If made with milk and almonds as optional ingredients, Horchata will also taste buttery and nutty. It will definitely be richer and fattier too.
On the other hand, Coquito is stronger-tasting than Horchata, mainly due to its alcoholic content and the coconut ingredients. The cinnamon is quite noticeable, but the coconut is a strong opponent too.
Therefore Coquito is a creamy mixture of perfectly balanced coconut and cinnamon flavors, delightfully interjected with the strong rum flavor. The Coquito flavor won’t only stay on the palate but will also spread down your throat.
Horchata is a Mexican drink and is loved and had throughout the entire year. Globally known as a Mexican rice drink, Horchata first originated in Spain and was imported to Mexico. Therefore, as it is now, the recipe is of Mexican origin.
Coquito is also known as Puerto Rican eggnog, and obviously, it originated in Puerto Rico. Just like regular eggnog, it is a traditional Christmas drink.
Considering that Coquito is a traditional Christmas beverage, it is only logical that its popularity is at its peak around that time of the year. It is most prevalent in Latin America and Spain and Portugal in Europe.
However, in recent years, it has been gaining popularity in the rest of the world.
On the other hand, Horchata is enjoyed throughout the year but isn’t as famous as Coquito. This is because Coquito is unique, but Horchata has its counterparts in different parts of the world. Although made with different ingredients and by different methods, there are other rice-based cinnamon-flavored beverages that are popular in certain regions.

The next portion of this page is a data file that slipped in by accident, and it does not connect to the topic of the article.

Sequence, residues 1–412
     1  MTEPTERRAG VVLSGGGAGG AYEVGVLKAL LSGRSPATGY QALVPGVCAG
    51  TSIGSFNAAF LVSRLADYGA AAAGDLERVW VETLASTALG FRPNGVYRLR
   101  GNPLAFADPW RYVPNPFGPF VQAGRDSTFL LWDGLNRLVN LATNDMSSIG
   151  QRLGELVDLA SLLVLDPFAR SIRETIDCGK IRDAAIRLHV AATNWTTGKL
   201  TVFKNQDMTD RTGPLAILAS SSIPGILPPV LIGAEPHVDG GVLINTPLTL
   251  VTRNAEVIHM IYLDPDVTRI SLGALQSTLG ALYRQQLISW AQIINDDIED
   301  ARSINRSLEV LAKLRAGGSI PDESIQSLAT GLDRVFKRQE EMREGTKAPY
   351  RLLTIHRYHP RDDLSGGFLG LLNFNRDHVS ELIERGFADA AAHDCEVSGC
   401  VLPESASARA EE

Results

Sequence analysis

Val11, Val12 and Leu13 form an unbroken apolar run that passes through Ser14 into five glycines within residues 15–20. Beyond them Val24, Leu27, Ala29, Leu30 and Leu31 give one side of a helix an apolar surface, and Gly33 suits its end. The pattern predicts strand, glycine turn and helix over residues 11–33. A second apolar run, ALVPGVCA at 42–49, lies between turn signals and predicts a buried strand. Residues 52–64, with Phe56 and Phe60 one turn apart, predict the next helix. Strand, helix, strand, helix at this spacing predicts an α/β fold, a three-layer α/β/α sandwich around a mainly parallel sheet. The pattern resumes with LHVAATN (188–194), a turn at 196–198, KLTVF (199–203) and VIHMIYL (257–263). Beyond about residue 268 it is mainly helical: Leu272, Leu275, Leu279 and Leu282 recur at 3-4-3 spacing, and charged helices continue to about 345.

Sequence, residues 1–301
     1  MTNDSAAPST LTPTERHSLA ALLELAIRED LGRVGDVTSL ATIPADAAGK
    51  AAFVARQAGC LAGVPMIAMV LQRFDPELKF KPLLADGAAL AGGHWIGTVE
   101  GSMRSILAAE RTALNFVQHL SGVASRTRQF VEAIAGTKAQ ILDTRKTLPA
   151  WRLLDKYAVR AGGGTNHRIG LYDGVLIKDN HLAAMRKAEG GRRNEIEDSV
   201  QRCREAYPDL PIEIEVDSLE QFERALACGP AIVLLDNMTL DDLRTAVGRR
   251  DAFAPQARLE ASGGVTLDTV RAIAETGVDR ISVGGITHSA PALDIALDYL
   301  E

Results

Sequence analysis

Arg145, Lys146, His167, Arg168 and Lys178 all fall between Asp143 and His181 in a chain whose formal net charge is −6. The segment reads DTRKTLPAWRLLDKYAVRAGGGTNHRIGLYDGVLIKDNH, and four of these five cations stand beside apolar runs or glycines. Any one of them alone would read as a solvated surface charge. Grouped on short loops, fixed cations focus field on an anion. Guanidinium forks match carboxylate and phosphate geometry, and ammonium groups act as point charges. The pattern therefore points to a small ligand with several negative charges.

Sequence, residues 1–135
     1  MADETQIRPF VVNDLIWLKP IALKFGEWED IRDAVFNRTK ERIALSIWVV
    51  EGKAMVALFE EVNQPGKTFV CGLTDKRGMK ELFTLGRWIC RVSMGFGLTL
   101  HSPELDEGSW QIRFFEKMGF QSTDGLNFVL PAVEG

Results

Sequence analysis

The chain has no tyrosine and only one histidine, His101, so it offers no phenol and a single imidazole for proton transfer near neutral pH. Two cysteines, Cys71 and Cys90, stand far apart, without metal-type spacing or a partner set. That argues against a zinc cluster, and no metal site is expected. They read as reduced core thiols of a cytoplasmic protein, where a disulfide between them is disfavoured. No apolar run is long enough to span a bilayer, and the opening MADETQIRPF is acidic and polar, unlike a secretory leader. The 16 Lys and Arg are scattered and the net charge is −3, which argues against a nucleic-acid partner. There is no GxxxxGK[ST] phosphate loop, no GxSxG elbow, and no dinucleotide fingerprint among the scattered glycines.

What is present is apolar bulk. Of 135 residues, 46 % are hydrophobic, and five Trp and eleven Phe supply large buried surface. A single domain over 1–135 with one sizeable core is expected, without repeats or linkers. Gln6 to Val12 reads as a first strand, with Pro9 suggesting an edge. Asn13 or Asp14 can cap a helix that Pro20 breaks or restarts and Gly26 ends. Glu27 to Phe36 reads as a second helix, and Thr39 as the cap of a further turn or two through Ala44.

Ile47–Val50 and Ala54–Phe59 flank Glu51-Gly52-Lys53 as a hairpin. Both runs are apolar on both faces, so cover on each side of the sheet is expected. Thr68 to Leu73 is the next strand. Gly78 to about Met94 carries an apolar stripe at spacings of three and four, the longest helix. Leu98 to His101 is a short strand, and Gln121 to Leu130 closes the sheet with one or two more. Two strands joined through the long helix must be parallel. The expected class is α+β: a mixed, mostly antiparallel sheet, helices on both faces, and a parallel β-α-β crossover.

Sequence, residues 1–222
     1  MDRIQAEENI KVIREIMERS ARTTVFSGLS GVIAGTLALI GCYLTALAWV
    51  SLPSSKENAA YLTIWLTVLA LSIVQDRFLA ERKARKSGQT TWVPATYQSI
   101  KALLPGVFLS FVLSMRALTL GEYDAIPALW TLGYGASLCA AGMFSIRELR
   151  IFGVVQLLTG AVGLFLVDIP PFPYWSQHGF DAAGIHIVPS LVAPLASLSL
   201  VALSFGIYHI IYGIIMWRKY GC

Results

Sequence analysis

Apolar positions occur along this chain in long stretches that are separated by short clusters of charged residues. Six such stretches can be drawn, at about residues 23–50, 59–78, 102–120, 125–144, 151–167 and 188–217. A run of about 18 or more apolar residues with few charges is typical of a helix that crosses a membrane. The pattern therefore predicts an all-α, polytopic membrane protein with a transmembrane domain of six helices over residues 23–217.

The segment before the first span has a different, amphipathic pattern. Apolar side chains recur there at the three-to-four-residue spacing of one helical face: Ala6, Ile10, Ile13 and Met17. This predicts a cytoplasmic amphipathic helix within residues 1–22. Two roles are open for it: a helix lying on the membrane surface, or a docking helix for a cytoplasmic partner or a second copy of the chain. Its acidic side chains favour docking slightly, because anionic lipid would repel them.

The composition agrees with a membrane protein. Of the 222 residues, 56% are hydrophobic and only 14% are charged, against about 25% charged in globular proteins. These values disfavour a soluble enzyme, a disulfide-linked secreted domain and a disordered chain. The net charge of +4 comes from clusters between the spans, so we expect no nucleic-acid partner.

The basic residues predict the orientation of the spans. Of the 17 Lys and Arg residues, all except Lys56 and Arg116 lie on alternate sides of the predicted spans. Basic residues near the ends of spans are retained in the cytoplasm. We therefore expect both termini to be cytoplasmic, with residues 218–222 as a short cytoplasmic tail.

For example, Sutlijash is a rice pudding that tastes very similar to Horchata. It is most popular in the Balkans and Central Asia.
Although high in calories and fat, Coquito is a pretty nutritious beverage. In addition to its fatty and caloric content, it is also rich in nutrients such as potassium, calcium, and sodium and vitamins such as A and C. 
It also contains protein and a negligible amount of sugar.
Horchata’s sugar content is significantly higher than in Coquito. 
Despite being fatty and caloric, Horchata and Coquito are nutritious. Still, you should pace yourself with them and enjoy them occasionally, and not too often.
Horchata’s variations include toasted rice instead of soaked, different kinds of nuts, barley instead of rice, chuffa, or morro seed. Also, the milk is optional, so there are milk-free variations.
The added flavors vary as well. Therefore you can make Horchata with or without vanilla, adding another flavor instead, or not adding one at all.
Coquito has even more variations than Horchata. It can be made with different kinds of milk- soy milk, almond milk, and oat milk. You can also add chocolate to it, masala chai, banana, or pineapple juice.
The only things you need to keep permanent for Coquito are the rum, cinnamon, and coconut cream. Other than that, you can add the flavors you enjoy the most.
Horchata Vs. Coquito: Which Is Better?
Although similar, Horchata and Coquito are two entirely different drinks; therefore, I cannot say that one is better than the other.
Horchata is a great energy booster, highly nutritious, and very satiating. Coquito is refreshing, zingy, and fun. Both are delicious and, depending on what you want, they can both do a great job.